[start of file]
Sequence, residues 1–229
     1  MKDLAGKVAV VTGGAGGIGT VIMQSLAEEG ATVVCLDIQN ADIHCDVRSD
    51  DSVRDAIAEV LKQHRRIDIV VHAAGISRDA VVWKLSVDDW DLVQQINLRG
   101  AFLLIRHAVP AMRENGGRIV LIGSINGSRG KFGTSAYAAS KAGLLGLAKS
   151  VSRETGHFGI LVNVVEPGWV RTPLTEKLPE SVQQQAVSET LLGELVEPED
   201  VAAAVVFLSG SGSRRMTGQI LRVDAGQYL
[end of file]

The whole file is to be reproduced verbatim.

Sequence, residues 1–229
     1  MKDLAGKVAV VTGGAGGIGT VIMQSLAEEG ATVVCLDIQN ADIHCDVRSD
    51  DSVRDAIAEV LKQHRRIDIV VHAAGISRDA VVWKLSVDDW DLVQQINLRG
   101  AFLLIRHAVP AMRENGGRIV LIGSINGSRG KFGTSAYAAS KAGLLGLAKS
   151  VSRETGHFGI LVNVVEPGWV RTPLTEKLPE SVQQQAVSET LLGELVEPED
   201  VAAAVVFLSG SGSRRMTGQI LRVDAGQYL